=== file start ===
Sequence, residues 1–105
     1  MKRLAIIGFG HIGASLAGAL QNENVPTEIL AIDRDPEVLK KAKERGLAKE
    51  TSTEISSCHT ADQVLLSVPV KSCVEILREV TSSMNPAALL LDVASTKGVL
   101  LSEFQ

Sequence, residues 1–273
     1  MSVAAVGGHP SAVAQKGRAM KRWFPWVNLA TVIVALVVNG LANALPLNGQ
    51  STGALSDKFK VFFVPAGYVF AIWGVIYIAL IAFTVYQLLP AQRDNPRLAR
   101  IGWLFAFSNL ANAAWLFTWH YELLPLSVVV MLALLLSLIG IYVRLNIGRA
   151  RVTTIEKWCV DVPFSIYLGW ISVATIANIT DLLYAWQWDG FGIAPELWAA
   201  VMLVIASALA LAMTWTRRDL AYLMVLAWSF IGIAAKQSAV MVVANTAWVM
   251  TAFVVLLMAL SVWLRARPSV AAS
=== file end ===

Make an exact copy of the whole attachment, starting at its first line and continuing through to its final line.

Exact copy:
Sequence, residues 1–105
     1  MKRLAIIGFG HIGASLAGAL QNENVPTEIL AIDRDPEVLK KAKERGLAKE
    51  TSTEISSCHT ADQVLLSVPV KSCVEILREV TSSMNPAALL LDVASTKGVL
   101  LSEFQ

Sequence, residues 1–273
     1  MSVAAVGGHP SAVAQKGRAM KRWFPWVNLA TVIVALVVNG LANALPLNGQ
    51  STGALSDKFK VFFVPAGYVF AIWGVIYIAL IAFTVYQLLP AQRDNPRLAR
   101  IGWLFAFSNL ANAAWLFTWH YELLPLSVVV MLALLLSLIG IYVRLNIGRA
   151  RVTTIEKWCV DVPFSIYLGW ISVATIANIT DLLYAWQWDG FGIAPELWAA
   201  VMLVIASALA LAMTWTRRDL AYLMVLAWSF IGIAAKQSAV MVVANTAWVM
   251  TAFVVLLMAL SVWLRARPSV AAS